Newbie needs advice on swimming (stamina)

Newbie needs advice on swimming (stamina)

Post by ryeston » Fri, 24 May 1996 04:00:00


First of all, I am new here and am deperately seeking advice on how to
build stamina in swimming. I am a 47 year old male who has, for the last
eight months or so, embarked upon a fairly rigourous training program that
consist of running, swimming, and weight training on Cybex machines. I have
lost 20 lbs----with 20 more to go---and have greatly improved my
cardiovascular system----at least so far as running and the stairmaster are
concerned. I regularly run about 15 to 18 miles a week with a long run of
about 5 to 6 miles. I can do this fairly easily. The bottom line is that
I have little stamina when it comes to swimming.

Admittedly, I have just started swimming again---about six weks ago and can
swim about 16 laps ----but I have to rest at the end of each lap (for about
45 to 60 seconds). It is getting a little better, but at this rate, it'll be
years before I can swim a mile, nonstop.

I'd like to train for a triathlon----and in a sense, I have already started.
However, I'd really like to get some advice from some of you experts out there
on how to build up my endurance in the water. I'd especially like to hear
from some of you who might be middle aged and who started out like me and
who have sucessfully completed (in good shape) a marathon length triathlon.
Any help is appreciated in advance.

------Ryestone
      "Any jackass can kick down a barn.
       It takes a carpenter to build one."
              ----Anonymous

 
 
 

Newbie needs advice on swimming (stamina)

Post by WPGeis » Sat, 25 May 1996 04:00:00

A couple of thoughts for what they're worth: the reason you're running out
of gas while swimming (most likely) has less to do with your conditioning
than your technique. My guess is your body position is creating an
excessive amount of drag. As a result, the vast majority of your physical
effort is wasted in fighting the water. My suggestion is to find a
qualified swim coach/instructor or a swim clinic (such as Terry Laughlin's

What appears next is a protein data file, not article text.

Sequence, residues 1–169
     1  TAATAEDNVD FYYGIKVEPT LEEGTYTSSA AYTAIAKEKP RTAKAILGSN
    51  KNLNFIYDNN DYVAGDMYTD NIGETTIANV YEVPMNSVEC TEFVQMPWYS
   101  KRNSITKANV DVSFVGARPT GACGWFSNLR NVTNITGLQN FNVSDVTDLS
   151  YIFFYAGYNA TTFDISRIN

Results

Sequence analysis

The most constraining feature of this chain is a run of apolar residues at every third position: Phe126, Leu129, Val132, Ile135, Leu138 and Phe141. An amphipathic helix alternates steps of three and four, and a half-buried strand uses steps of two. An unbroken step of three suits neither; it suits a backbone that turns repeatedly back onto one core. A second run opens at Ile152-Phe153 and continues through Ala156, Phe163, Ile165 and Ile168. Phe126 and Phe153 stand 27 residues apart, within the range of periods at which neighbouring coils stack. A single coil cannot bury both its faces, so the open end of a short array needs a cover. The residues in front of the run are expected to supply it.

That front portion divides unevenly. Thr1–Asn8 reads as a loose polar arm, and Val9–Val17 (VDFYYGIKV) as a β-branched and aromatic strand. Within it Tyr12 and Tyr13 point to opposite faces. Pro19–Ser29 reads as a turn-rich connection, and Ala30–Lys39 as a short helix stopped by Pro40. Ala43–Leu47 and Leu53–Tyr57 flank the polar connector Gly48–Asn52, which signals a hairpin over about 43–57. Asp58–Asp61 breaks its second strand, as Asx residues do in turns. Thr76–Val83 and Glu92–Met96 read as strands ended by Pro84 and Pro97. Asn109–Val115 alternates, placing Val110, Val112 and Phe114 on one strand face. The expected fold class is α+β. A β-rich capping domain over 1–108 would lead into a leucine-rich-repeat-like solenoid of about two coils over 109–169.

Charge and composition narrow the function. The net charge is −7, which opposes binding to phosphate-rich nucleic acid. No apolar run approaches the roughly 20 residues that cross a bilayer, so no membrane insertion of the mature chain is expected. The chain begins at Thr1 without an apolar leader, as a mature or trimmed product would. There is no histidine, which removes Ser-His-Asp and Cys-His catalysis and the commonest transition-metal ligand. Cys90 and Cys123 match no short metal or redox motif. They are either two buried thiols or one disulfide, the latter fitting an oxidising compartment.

Total Immersion) to help you learn some basic techniques which will help
you swim smarter rather than harder.
Good luck!  
Bill Geiser * PGC * Creators of "Strokz" * Digital Swim Analysis Watch

 
 
 

Newbie needs advice on swimming (stamina)

Post by BPSulliv » Sat, 25 May 1996 04:00:00

The best way to build swim stamina is to find a slow steady stroke that
you can maintain, and stay with it for as long as you can. When you get
tired, stop and rest, then do it again. DO NOT try and swim fast in the
beginning. You won't be ready, and won't get a good workout. Instead,
crawl along. The key is getting in time in the pool, getting your body
used to spending 20 minutes or so of paddling along and breathing to the
side. Don't think about swimming a mile. Start with thinking about
swimming a half a mile and doing a sprint triathlon to get your started.
Baby steps are even important for us old folk.
Brian Sullivan


 
 
 

Newbie needs advice on swimming (stamina)

Post by Milkphi » Wed, 29 May 1996 04:00:00

The best way to learn how to swim, is, simply TO SWIM.

This means, instead of taking that 45-60 sec. break after every lap, keep
going.  >FORCE< yourself to swim.  At first, try to go to laps, then three
at a time, then four, etc.  It will be very difficult at first, but after
a few sessions of this, your body will adapt very quickly to the new
muscular behavior and energy/oxygen demands.  I think all of us can
remember a time when we were beginning to swim and would be*** off of
the wall panting for air.

Also, make sure you go slow.  Go >VERY< slow.  When you feel your
heartrate increasing, go slower.  When you reach a level of speed where
you can swim without stopping, stay at that level for awhile with your
workouts. Use this level as a base speed.

Whatever you do, >FORCE< yourself to swim.  The best way to get better is
to keep thinking of the phrase, "Sink or Swim."  In a literal sense, you
will either do one or the other - and I think you'll be surprised at the
results.

 
 
 

Newbie needs advice on swimming (stamina)

Post by Tim Ivers » Thu, 30 May 1996 04:00:00


|The best way to learn how to swim, is, simply TO SWIM.
|
|This means, instead of taking that 45-60 sec. break after every lap, keep